Vegas: Third time is an editing charm

Paris, the view of where I stayed. #nofilter
Paris, the view of where I stayed. #nofilter

What happened in Vegas … I brought back in knowledge to apply to my work.

As a freelancer, it’s easy to become a homebody, so I made it my New Year’s resolution to get more involved in professional communities (ie: network. Outside the home). I should’ve done this years ago, but I finally made it out to my first ACES conference. In Vegas. You can imagine how difficult it was for me to decide whether to really go. (It wasn’t.)

After getting rid of the initial nervousness of not knowing a single soul attending the conference, I had an educational four days listening to/speaking with my professional idols and other well-respected people in editing.

Three takeaways from the conference:

1. As intensely as editors squabbled over the news that broke during the conference that The Associated Press wouldn’t be making a distinction between using “over” and “more than,” we should fight harder for our jobs and our industry.

2. The phrase “BuzzFeed generation” is a misnomer. We can be just as into finding out which Olsen twin we are (I’m Ashley) as we are with reading the latest Atlantic cover to cover. Millennials can’t be pigeon-holed into one reading type. Quality still rules, whether it’s a quiz, listicle, long-form article and more. (But apparently slideshows are in the down and out. Not a surprise there.)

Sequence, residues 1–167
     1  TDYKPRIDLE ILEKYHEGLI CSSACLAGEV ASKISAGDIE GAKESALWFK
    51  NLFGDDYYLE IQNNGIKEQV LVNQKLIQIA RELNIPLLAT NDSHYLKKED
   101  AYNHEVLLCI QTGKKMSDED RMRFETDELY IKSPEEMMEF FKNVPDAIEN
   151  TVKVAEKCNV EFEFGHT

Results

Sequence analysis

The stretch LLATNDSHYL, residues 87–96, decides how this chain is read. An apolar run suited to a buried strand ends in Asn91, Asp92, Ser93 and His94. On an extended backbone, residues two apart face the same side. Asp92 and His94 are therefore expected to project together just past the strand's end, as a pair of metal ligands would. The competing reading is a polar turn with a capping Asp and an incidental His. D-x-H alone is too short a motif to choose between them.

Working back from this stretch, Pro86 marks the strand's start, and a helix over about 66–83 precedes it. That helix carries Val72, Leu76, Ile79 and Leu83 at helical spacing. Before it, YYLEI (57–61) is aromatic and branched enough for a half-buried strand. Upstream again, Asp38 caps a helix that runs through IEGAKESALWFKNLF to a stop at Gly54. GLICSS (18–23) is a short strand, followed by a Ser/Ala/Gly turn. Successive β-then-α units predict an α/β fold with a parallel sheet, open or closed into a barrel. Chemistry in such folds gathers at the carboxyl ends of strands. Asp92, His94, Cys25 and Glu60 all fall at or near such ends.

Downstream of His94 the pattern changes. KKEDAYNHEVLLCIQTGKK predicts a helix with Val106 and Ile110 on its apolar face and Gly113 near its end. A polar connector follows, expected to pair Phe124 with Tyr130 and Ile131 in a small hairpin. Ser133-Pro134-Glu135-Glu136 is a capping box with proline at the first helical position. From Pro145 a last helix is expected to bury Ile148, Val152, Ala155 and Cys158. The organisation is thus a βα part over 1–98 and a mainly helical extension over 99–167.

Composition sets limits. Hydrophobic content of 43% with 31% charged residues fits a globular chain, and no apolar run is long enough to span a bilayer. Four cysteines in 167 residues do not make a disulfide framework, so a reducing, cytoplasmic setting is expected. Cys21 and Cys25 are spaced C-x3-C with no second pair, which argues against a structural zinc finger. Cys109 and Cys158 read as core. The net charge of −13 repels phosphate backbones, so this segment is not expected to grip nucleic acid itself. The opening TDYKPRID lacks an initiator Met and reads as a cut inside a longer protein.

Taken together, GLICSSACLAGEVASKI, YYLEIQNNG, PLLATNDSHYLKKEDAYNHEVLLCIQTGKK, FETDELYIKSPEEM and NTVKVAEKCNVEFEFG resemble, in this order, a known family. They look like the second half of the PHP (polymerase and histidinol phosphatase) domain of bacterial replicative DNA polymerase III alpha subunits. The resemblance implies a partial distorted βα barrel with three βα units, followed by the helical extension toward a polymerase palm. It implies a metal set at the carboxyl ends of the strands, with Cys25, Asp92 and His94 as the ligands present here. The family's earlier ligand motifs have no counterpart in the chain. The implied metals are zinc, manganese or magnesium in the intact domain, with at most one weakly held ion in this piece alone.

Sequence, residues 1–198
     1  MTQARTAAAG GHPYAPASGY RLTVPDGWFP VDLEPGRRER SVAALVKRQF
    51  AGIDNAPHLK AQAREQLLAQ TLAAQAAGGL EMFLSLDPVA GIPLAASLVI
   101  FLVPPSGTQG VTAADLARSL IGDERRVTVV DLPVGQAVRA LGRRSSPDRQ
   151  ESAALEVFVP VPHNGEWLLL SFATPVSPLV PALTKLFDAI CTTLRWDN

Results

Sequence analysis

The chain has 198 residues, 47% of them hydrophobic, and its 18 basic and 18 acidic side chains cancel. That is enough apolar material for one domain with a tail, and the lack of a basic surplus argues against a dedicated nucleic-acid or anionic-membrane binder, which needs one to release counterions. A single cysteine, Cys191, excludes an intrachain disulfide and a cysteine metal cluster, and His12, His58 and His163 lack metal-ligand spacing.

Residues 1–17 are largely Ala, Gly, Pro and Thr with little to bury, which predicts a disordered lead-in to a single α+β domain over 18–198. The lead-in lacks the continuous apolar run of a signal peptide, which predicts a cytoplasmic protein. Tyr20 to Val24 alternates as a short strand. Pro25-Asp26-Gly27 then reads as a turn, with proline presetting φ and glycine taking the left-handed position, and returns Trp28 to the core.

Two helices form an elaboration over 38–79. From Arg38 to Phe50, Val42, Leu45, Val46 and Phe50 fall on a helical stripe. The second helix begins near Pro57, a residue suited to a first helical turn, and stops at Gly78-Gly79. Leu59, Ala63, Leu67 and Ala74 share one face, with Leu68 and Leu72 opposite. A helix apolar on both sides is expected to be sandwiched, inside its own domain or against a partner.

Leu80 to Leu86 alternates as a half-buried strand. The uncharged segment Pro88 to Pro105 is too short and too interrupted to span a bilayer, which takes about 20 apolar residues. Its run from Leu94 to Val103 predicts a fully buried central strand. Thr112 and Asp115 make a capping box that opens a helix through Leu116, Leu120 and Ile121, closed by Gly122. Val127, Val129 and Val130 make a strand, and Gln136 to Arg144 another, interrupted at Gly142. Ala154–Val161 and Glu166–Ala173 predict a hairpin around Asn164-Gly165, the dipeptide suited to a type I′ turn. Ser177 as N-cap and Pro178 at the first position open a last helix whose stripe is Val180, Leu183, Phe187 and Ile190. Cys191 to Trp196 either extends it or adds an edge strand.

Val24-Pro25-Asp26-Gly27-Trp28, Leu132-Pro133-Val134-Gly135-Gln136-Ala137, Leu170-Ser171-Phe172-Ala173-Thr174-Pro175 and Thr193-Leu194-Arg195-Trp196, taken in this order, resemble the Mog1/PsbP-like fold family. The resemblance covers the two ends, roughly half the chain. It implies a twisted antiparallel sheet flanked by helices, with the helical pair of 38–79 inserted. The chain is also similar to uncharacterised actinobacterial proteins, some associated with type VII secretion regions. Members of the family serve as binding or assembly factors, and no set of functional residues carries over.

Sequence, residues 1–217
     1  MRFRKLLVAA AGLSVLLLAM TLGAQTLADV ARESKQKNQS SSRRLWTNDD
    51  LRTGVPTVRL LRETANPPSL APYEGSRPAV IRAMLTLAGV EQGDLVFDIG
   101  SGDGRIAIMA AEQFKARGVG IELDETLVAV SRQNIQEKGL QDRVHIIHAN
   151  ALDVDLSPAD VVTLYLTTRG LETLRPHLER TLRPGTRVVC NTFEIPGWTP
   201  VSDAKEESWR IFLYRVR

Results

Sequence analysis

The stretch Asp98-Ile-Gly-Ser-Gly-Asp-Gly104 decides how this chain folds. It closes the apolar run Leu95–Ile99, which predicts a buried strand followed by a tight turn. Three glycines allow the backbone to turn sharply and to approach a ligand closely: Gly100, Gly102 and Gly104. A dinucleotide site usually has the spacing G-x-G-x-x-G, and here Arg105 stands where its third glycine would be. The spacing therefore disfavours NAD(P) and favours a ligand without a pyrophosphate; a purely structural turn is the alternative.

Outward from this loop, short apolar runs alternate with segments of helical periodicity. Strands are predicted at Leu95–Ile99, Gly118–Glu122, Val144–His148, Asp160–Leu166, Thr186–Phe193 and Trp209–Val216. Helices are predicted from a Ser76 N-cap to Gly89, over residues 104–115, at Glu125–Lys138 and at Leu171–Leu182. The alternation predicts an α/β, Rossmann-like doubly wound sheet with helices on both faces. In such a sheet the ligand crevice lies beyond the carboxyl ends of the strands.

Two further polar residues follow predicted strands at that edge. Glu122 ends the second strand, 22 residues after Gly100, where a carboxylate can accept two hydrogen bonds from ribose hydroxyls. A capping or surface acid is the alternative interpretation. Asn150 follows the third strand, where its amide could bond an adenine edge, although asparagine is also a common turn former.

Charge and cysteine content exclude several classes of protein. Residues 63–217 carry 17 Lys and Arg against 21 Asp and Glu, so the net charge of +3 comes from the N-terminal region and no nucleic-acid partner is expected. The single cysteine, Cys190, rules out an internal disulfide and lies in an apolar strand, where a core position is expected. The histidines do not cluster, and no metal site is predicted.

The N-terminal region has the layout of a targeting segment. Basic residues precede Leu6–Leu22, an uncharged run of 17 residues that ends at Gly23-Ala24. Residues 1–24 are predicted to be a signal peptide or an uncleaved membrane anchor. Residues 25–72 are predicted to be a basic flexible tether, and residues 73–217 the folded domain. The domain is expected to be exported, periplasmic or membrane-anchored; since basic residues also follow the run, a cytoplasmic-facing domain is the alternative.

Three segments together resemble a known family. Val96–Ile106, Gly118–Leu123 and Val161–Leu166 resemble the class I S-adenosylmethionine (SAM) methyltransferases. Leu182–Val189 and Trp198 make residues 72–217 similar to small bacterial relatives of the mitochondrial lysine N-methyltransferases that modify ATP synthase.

3. Copy editors always need to remember to be truth-seekers. We’re more than the rules and style guides we follow. On that note, we need to be more flexible and not brainlessly apply rules like robots.


Freelancing: Editing how-to books

One of my favorite copy editing gigs is for Open Air Publishing, which produces how-to books for touchscreen devices. I get to play around on the iPad and learn about topics like Blackjack and knife skills in the kitchen.

What makes these interactive books stand out from the competition is that because they’re specifically designed for the iPad, meaning learning involves swiping, playing and listening. Novels and such are just thrown onto your reading device with no thought for the different ways we absorb information. Can you imagine textbooks being created like this? How much fun would learning be then?

One of the titles I helped edit, Wine Simplified, this week was named best nonfiction app! Check it out. Seriously. You won’t be disappointed.